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Accepting and embracing change
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Accepting and embracing change

touch_of-torah

Vayelech is always part of the High Holy Day season. We read it either together with Nitzavim on the Shabbat before Rosh HaShanah or, as this year, by itself on Shabbat Shuvah, the Shabbat between Rosh HaShanah and Yom Kippur.

The setting is the last few hours of Moses’ life. He reassures the people that even when he is no longer with them, God will not abandon them but will bring them into the land of Israel; he charges Joshua as his successor; and he gives the people the commandment concerning the public reading of the Torah that is to take place every seven years at Sukkot.

Then God speaks to Moses: “The time is drawing near for you to die. Call Joshua and present yourselves in the Tent of Meeting that I may instruct him.”

Moses had known for some time that he was to die in the wilderness, that he would not be permitted to enter the land of Israel, but according to the rabbis, he hadn’t completely accepted it — he kept asking God to let him live. And so, in Midrash Devarim Rabbah, we learn that Moses now approached God one more time and said:

“Master of the Universe, let Joshua take over my office and I will continue to live.” So God replied, “Treat him as he treats you.” So Moses went to Joshua’s tent and called, “My teacher, come with me,” and they set out, Moses walking at Joshua’s left, as a disciple walks at his teacher’s left.

When they came to the Tent of Meeting, the pillar of cloud separated them. When the cloud lifted, Moses asked Joshua, “What did the Lord say to you?” Joshua replied, “When the Lord spoke to you, did you share the message with me?” At that moment, Moses became reconciled to his imminent death, saying to himself, “It is a hundred times better to depart now than to be jealous of my successor.”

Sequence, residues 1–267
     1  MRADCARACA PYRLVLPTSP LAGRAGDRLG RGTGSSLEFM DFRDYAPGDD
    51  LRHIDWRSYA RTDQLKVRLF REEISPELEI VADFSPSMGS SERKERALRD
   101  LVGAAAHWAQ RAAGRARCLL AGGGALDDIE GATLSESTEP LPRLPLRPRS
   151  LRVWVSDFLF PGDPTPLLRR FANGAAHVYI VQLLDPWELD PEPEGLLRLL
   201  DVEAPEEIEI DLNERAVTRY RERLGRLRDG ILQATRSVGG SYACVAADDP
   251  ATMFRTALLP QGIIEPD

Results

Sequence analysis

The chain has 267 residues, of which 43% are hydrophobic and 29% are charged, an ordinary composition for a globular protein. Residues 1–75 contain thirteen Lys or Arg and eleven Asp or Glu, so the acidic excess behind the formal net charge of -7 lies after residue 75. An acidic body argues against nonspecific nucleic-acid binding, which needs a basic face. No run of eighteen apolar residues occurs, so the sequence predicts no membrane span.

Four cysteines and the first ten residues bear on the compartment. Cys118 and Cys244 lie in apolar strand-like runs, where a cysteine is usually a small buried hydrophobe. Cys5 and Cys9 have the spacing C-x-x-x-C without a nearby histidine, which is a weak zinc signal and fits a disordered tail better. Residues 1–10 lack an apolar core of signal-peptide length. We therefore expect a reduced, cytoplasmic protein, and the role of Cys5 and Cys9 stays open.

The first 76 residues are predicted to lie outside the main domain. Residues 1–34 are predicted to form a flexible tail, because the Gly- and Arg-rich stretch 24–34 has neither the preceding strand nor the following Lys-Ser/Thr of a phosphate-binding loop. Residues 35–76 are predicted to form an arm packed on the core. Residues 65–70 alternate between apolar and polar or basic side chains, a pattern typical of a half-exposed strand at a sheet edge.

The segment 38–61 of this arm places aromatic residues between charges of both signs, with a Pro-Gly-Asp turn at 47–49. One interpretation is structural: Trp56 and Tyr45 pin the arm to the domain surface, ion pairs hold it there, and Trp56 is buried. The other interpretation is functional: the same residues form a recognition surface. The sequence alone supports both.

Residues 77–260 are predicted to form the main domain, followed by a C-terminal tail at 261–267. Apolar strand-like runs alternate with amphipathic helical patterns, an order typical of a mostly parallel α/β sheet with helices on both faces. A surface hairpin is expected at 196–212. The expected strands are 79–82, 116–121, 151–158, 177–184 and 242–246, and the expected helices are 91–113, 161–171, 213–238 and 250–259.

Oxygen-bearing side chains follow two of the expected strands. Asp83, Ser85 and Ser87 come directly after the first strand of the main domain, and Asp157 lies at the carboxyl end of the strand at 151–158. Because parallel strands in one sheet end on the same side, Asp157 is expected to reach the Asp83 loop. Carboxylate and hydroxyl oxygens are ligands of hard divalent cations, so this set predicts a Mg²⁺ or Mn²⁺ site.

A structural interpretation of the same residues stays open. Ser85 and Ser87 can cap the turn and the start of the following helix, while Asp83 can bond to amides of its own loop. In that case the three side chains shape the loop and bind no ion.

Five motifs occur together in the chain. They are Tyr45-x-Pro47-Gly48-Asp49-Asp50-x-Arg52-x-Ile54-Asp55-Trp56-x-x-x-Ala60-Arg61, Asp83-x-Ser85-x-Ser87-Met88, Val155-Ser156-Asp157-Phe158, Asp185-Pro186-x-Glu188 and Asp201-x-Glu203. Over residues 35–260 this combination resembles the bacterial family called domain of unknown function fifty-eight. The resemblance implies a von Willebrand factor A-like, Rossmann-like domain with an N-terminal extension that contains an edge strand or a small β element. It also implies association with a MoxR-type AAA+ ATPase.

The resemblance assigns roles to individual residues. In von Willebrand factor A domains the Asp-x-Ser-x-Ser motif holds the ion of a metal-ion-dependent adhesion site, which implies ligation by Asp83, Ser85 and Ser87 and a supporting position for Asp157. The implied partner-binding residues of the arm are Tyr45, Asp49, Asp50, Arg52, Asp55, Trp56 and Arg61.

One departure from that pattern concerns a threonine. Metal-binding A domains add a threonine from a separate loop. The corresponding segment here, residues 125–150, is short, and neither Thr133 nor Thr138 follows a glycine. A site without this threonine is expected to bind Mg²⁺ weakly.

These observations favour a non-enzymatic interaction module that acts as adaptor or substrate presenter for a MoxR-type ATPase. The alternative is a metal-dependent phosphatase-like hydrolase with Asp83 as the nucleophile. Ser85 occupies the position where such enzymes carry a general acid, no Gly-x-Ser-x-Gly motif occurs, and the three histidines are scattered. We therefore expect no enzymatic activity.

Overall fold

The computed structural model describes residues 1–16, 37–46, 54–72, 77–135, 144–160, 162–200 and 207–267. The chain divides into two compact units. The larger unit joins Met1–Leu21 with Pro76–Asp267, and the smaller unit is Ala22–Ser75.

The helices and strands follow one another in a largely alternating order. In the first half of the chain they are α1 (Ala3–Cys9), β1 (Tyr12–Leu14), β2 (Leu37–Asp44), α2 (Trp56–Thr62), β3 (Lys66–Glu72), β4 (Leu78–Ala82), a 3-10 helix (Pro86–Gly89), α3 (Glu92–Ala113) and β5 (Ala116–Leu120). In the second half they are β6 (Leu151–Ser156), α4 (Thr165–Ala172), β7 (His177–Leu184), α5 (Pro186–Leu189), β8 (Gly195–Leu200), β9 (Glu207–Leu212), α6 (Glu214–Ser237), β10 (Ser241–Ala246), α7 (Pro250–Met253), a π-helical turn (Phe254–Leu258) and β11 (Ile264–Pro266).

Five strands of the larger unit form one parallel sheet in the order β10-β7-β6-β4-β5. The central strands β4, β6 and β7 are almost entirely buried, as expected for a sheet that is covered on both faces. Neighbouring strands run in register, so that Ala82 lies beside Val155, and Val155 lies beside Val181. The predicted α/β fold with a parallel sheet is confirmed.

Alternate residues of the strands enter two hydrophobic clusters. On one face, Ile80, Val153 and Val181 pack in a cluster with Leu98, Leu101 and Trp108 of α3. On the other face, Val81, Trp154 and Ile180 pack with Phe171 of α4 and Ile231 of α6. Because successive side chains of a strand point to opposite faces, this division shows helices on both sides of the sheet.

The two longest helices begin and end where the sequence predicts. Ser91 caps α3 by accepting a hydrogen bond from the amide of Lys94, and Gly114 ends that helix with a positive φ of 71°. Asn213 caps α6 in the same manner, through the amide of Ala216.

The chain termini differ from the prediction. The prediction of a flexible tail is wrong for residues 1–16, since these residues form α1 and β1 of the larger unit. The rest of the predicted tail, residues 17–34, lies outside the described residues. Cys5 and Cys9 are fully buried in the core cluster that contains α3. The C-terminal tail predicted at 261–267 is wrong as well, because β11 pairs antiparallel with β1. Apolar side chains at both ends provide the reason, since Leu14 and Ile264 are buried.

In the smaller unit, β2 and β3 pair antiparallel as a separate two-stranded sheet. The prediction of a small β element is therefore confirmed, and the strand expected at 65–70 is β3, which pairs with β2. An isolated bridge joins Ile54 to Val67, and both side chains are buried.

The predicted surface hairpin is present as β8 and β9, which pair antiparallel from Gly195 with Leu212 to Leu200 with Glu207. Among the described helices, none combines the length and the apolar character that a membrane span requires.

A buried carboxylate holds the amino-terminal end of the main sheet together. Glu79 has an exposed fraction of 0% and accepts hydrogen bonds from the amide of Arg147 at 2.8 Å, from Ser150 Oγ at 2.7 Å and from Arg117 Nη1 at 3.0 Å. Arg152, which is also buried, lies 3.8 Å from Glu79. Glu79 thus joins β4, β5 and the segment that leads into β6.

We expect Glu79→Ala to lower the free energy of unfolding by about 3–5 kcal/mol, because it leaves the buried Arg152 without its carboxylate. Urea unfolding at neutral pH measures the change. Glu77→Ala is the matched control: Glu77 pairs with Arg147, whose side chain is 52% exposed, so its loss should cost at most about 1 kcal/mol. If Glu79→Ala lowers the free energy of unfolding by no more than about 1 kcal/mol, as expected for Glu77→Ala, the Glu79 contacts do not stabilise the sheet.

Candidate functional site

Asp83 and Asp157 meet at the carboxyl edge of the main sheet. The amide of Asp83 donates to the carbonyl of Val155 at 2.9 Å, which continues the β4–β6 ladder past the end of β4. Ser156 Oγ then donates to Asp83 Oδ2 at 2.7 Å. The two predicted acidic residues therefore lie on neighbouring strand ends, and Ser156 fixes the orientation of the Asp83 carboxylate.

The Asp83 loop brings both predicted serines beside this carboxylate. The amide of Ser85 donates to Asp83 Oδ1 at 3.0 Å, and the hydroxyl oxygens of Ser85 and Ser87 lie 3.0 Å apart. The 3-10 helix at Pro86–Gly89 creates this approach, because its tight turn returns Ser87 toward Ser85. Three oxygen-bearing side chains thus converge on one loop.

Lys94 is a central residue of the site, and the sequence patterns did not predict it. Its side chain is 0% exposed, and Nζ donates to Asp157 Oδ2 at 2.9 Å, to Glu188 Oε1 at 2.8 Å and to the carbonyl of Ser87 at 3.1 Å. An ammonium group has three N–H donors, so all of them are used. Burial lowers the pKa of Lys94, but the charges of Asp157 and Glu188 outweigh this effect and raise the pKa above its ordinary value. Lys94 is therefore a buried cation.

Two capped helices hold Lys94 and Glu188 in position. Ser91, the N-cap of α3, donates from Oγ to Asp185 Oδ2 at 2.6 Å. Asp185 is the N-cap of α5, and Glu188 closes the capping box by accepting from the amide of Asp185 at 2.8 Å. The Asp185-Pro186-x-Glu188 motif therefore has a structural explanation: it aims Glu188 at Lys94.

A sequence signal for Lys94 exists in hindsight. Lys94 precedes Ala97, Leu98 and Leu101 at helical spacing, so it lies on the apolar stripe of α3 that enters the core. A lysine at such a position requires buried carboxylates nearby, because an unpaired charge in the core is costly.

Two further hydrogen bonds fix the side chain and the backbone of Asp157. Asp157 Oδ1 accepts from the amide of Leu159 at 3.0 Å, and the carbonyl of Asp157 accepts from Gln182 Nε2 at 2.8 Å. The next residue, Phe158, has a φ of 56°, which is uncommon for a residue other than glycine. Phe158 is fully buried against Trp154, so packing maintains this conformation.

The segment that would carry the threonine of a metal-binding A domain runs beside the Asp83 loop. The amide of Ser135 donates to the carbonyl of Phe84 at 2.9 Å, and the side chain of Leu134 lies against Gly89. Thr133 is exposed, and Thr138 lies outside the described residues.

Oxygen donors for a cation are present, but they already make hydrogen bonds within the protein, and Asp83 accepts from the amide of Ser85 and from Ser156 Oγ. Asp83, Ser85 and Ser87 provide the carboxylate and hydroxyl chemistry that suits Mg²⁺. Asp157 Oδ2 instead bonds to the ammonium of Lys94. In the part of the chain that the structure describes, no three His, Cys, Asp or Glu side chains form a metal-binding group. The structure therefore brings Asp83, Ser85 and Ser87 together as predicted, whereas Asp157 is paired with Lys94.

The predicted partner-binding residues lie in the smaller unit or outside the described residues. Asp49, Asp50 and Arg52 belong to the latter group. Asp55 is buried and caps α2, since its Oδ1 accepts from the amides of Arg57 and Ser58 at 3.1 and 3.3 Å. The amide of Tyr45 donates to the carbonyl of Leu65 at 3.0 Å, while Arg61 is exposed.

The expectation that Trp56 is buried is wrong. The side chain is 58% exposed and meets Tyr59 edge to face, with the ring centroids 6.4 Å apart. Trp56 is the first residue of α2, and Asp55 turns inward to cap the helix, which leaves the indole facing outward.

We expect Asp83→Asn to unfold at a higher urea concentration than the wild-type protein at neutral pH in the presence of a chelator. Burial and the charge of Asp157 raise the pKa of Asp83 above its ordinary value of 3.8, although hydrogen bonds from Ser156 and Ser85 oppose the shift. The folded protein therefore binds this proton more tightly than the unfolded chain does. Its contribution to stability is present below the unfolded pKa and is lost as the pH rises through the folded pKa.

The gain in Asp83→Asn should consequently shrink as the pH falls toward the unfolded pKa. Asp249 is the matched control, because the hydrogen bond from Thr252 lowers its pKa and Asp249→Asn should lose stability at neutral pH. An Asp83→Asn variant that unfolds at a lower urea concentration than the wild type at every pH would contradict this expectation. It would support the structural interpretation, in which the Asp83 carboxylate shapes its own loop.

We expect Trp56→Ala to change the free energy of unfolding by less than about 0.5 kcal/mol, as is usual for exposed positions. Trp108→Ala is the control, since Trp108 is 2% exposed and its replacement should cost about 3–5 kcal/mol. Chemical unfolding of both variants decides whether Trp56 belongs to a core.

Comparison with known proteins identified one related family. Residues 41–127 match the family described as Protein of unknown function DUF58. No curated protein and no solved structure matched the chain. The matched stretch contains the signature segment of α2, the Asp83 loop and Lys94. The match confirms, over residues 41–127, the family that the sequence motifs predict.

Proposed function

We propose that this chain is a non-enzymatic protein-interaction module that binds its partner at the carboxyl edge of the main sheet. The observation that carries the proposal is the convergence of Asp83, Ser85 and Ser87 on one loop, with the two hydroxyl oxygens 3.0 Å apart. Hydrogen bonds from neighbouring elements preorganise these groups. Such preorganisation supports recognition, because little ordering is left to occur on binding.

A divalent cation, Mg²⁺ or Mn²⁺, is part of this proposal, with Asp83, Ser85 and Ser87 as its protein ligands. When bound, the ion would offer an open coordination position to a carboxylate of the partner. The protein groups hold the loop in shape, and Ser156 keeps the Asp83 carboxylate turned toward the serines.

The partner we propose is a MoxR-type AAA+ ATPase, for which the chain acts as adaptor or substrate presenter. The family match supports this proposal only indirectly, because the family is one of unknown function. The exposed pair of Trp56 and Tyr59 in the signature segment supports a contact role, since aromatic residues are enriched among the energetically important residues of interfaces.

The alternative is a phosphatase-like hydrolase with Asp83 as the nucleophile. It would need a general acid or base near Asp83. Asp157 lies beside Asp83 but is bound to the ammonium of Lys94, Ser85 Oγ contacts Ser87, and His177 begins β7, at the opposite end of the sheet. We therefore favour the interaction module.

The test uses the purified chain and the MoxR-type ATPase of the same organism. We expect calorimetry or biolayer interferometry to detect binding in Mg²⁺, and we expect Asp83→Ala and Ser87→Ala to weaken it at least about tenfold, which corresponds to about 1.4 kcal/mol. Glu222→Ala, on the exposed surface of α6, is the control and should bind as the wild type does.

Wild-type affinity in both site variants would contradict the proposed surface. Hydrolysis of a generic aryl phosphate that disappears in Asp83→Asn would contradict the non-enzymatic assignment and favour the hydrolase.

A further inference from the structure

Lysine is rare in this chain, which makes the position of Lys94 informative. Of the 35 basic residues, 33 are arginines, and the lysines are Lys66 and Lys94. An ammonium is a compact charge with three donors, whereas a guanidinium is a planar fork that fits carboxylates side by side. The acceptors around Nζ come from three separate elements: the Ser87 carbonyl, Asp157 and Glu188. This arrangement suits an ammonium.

As much as Moses wanted to live, as much as he wanted to see the land, he realized that he couldn’t bear to change positions with Joshua. He didn’t want to live on as a jealous and embittered old man, so he finally accepted God’s decree.

Change is hard — but change is also the only constant in life:

  • Children grow up and leave home, and parents grow old and need to be cared for.
  • You can find yourself working for three different companies in one year without moving out of your cubicle.
  • Old friends drift away and new ones appear.
  • You need a teenager to teach you how to use your new phone.
  • But at least the Rolling Stones — whom I first saw perform in 1965 — are still going strong.

Change is hard, but it is possible to accept it, even to embrace it. There’s really no other option for, as Moses discovered, a life of jealousy and bitterness isn’t worth living.

At this time of year, we wish each other shana tovah, a good year. What better way to ensure a good year than to embrace change and make the most of it?

Rabbi Joyce Newmark, a resident of Teaneck, is a former religious leader of congregations in Leonia and Lancaster, Pa.

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